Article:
Thanks to everyone who participated in my prep experiment thread. I asked for questions, in hopes that would direct me towards interesting bits - the idea was that if Story Games or one of my groups were interested in asking a question, the answer would be interesting to the players, too.
The main result, however, was that I got a clearer picture of how to help other GMs (or at least, other GMs like me).
(Oh, D&D through Dresden through AW style campaign play implied)"Like me"
I can lay down a lot of material really quickly, when someone is asking for it. But I struggle with a blank page. Talking or responding short circuits my inner editor and some cool stuff pops out. So again, thanks to everyone who was playing around with me in that last thread.
I think a lot of people are actually like me on this, and find prep hard outside of a conversation."Help"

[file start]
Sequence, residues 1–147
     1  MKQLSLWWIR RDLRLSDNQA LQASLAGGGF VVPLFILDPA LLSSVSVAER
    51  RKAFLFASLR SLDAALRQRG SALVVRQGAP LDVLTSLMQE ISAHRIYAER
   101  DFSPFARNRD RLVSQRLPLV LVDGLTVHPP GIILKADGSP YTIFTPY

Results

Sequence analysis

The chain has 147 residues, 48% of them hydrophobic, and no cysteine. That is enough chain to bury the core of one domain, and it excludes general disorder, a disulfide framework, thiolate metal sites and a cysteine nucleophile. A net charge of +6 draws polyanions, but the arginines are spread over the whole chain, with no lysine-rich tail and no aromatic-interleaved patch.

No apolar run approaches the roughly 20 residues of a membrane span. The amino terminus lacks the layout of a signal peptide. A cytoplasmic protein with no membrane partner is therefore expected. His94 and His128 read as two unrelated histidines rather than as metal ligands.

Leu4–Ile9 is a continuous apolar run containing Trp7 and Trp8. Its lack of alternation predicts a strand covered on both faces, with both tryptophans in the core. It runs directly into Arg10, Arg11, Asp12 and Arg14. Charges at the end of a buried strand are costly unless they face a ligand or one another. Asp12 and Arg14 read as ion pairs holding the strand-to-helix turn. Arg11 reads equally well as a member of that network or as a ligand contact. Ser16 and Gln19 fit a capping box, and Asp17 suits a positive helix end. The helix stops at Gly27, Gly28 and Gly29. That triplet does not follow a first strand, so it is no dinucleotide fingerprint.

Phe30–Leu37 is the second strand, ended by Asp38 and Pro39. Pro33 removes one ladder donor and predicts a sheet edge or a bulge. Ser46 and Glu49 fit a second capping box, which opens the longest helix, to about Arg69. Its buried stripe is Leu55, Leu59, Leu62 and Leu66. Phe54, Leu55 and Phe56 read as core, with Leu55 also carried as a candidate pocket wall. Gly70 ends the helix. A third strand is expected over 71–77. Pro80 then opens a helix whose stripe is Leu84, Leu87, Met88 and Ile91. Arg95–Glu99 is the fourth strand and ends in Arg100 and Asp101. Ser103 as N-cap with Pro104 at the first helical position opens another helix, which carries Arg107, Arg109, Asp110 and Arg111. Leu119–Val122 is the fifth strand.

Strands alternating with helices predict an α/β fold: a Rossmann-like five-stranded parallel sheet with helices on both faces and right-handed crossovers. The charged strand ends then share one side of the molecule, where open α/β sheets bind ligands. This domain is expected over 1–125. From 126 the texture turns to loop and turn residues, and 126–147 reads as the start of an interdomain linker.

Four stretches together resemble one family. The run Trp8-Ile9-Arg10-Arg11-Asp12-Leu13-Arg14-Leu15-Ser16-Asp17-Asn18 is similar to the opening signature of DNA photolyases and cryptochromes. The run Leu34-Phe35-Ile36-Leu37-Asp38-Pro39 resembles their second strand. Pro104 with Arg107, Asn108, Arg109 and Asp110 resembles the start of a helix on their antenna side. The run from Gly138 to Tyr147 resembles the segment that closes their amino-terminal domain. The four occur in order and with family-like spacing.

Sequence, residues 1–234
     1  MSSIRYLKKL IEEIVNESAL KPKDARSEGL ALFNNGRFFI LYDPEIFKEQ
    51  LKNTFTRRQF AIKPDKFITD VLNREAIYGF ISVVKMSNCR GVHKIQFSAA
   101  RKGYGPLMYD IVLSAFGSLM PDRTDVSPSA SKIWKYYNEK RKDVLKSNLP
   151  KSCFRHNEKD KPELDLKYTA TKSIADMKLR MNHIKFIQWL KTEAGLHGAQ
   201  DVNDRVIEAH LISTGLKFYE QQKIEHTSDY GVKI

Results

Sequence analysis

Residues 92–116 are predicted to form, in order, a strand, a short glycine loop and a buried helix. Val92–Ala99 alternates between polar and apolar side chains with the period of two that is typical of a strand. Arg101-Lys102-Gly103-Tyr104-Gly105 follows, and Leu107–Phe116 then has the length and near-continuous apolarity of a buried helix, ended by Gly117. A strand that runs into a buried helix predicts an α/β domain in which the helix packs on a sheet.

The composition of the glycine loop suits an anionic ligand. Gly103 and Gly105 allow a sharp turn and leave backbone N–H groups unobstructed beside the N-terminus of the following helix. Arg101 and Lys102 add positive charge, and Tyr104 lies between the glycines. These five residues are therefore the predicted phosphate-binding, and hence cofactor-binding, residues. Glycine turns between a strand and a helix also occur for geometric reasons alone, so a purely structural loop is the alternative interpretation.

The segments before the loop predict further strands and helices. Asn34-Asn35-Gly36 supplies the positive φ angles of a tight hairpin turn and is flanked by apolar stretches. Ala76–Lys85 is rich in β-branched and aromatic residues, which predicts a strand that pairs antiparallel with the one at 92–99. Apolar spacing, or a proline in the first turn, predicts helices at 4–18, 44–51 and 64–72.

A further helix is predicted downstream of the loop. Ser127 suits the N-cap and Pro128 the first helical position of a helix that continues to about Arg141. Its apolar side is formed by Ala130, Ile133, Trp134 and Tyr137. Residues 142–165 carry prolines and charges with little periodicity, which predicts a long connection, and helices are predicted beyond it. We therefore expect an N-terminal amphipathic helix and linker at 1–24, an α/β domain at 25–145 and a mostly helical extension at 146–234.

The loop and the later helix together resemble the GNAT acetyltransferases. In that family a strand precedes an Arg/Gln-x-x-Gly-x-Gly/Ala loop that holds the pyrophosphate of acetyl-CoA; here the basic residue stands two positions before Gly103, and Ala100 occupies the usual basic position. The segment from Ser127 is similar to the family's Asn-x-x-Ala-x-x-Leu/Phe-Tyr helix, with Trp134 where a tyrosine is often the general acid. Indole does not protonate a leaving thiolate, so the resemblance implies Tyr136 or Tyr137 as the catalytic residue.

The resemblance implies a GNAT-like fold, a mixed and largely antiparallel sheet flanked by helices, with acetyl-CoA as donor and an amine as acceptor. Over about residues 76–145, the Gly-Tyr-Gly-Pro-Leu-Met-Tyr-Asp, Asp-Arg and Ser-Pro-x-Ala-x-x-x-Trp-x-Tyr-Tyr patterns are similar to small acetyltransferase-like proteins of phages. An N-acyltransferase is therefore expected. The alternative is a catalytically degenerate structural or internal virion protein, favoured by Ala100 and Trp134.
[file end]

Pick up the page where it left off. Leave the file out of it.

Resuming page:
Not all prep is equal. Depending on how I prompt myself, or how others prompt me, I can easily end up writing inert facts about the world, like the lineage of so-and-so who passed down from that other guy who's dead. I might scribble away at the languages or religious symbols, and spend an hour on stuff that doesn't make me feel ready for game night.
I ran this experiment with two other groups outside of SG. All the questions I got *could* have been turned into player-facing data, with the right amount of effort. But the most helpful questions were ones that could ONLY be answered with something that the player characters could interact with directly. Guidance
Ask questions of your friend, the GM first and foremost about:
- Concrete things in the player characters' experience
- happening in the rolling NOW of the campaign world
- that will increase pressure on the player characters (but not always in the same way)
This guidance holds whether the GM is asking to flesh out a place, a person, a faction, and so on. Allies increase pressure by asking too much, being unreliable, showing up hurt.
You might say "Come on, Ry. That's just saying to help your friend the GM come up with threat moves and encounter ideas for their next session."